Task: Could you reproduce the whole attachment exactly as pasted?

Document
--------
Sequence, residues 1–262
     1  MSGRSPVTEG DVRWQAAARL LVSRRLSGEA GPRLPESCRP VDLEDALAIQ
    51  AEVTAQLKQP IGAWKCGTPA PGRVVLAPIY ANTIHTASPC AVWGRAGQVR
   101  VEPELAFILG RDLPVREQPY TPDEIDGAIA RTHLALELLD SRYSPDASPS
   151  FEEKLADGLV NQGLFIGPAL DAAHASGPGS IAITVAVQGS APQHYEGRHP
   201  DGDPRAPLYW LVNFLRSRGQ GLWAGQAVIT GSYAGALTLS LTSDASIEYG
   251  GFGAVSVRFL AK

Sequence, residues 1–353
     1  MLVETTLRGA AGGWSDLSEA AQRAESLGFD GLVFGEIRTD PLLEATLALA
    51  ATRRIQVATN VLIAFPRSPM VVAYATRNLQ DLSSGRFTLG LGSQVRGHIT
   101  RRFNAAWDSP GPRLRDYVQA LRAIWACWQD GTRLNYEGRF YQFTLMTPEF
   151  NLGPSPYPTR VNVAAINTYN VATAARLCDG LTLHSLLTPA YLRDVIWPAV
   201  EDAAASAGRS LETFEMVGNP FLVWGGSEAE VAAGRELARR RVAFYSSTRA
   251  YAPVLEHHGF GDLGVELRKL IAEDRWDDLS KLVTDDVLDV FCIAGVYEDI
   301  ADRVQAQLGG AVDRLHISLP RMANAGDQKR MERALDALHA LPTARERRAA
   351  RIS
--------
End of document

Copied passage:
Sequence, residues 1–262
     1  MSGRSPVTEG DVRWQAAARL LVSRRLSGEA GPRLPESCRP VDLEDALAIQ
    51  AEVTAQLKQP IGAWKCGTPA PGRVVLAPIY ANTIHTASPC AVWGRAGQVR
   101  VEPELAFILG RDLPVREQPY TPDEIDGAIA RTHLALELLD SRYSPDASPS
   151  FEEKLADGLV NQGLFIGPAL DAAHASGPGS IAITVAVQGS APQHYEGRHP
   201  DGDPRAPLYW LVNFLRSRGQ GLWAGQAVIT GSYAGALTLS LTSDASIEYG
   251  GFGAVSVRFL AK

Sequence, residues 1–353
     1  MLVETTLRGA AGGWSDLSEA AQRAESLGFD GLVFGEIRTD PLLEATLALA
    51  ATRRIQVATN VLIAFPRSPM VVAYATRNLQ DLSSGRFTLG LGSQVRGHIT
   101  RRFNAAWDSP GPRLRDYVQA LRAIWACWQD GTRLNYEGRF YQFTLMTPEF
   151  NLGPSPYPTR VNVAAINTYN VATAARLCDG LTLHSLLTPA YLRDVIWPAV
   201  EDAAASAGRS LETFEMVGNP FLVWGGSEAE VAAGRELARR RVAFYSSTRA
   251  YAPVLEHHGF GDLGVELRKL IAEDRWDDLS KLVTDDVLDV FCIAGVYEDI
   301  ADRVQAQLGG AVDRLHISLP RMANAGDQKR MERALDALHA LPTARERRAA
   351  RIS